One more question which we can discuss tomorrow: In some places you use your own class Lockable and in others a boost::mutex. I am locking the LabJack plugin with boost mutexes (principally scoped_lock objects). Will that cause any issues?

    NB on National Instruments: The NIdaqMXBase library, which is all that is provided on Mac OS X, appears to have some pointer bug where it blows away parts of memory after ~120 or so calls into the library. Since it's a binary, we have no way to fix it. Using the LabJack device and its library appears to work great.

    Mark

  4. Support Staff 4 Posted by Christopher Sta... on 27 Apr, 2010 05:46 PM

    Christopher Stawarz's Avatar

    Hi Mark,

    One more question which we can discuss tomorrow: In some places you use your own class Lockable and in others a boost::mutex. I am locking the LabJack plugin with boost mutexes (principally scoped_lock objects). Will that cause any issues?

    Both the Lockable class and the boost::mutex stuff use pthread mutexes internally, so you should be fine using either.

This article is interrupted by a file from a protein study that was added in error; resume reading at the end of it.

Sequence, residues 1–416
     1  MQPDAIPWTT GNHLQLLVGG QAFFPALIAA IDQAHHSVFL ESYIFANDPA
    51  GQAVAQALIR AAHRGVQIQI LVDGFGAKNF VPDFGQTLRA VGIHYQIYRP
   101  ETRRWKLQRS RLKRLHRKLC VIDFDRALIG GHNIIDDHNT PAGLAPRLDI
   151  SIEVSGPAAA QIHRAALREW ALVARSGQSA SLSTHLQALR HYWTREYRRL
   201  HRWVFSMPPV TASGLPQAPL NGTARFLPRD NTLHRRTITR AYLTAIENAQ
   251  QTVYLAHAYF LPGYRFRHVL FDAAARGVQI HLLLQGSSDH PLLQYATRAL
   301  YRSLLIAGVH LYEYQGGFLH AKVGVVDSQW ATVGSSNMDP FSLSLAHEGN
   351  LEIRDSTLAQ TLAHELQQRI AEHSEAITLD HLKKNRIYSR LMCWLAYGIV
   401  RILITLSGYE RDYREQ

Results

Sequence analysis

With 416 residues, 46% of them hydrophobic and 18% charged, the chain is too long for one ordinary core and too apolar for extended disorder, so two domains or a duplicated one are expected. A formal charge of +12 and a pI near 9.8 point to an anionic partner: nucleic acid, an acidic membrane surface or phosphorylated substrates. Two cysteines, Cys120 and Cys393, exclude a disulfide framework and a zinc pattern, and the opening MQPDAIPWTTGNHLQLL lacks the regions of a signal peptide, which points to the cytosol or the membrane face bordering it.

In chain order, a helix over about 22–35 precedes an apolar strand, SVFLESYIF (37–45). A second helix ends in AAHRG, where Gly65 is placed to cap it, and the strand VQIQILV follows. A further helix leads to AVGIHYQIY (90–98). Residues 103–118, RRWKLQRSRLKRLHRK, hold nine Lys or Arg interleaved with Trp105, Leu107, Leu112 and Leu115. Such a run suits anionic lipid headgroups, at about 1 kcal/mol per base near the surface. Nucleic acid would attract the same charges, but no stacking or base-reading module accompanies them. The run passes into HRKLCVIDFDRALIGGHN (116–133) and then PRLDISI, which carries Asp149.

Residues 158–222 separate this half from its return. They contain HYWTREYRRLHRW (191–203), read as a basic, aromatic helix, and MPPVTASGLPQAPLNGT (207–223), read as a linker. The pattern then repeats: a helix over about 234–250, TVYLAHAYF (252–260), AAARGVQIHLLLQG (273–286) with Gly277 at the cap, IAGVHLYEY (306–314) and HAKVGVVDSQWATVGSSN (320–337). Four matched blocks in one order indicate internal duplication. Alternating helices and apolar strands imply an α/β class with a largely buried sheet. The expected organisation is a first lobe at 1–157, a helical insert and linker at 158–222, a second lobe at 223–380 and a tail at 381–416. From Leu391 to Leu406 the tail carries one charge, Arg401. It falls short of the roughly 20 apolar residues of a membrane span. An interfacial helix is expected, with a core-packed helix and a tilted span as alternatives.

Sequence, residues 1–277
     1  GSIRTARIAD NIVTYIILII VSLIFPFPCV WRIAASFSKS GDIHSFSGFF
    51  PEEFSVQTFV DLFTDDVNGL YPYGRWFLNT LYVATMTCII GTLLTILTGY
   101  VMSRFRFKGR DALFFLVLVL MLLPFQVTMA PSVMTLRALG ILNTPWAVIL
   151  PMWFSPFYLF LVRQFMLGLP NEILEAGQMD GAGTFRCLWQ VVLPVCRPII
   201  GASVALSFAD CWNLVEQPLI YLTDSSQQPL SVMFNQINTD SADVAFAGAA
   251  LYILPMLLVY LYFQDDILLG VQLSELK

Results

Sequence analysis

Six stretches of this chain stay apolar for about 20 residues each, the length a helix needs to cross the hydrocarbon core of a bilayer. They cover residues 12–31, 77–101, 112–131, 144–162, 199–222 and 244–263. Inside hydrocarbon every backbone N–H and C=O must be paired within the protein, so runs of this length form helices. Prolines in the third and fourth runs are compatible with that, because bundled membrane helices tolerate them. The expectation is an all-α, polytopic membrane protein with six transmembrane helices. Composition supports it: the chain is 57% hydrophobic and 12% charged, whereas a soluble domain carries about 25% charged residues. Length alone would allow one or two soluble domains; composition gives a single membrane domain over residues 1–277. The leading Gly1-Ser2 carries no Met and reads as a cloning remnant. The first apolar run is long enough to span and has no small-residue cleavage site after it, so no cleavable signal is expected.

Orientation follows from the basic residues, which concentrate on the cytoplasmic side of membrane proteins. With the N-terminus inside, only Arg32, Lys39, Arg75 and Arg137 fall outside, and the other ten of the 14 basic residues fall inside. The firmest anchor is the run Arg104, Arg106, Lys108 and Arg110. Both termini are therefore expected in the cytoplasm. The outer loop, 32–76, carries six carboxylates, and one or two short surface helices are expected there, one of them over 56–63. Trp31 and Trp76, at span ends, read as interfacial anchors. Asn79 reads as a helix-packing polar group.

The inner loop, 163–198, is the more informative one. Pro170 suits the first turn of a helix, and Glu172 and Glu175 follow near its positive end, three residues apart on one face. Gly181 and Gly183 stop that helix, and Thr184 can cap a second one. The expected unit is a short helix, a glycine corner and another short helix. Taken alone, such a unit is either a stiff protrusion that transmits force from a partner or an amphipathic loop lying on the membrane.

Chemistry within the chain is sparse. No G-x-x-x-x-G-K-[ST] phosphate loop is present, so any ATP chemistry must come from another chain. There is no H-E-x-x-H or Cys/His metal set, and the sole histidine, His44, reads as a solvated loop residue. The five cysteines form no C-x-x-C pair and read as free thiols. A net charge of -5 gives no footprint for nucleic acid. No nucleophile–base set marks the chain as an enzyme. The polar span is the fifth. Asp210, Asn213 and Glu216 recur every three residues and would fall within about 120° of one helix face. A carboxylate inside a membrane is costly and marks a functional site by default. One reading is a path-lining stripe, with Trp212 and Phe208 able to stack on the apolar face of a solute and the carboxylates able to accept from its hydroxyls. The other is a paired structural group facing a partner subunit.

Looking at the code, I gather that the Lockable class was intended to be a mix-in for adding locking capabilities to other classes. However, it's not clear to me that it simplifies things much. While it does save you the trouble off having to add a lock instance to your class, it also forces you to deal with multiple inheritance (assuming your class also inherits from some other, more useful base class), in particular how to ensure that all the base class constructors/destructors get called properly. That alone makes me think it's more trouble than it's worth.

    Unless you see a really good reason to do otherwise, I'd recommend sticking with boost::mutex and friends.

  5. Christopher Stawarz closed this discussion on 29 Apr, 2010 04:59 PM.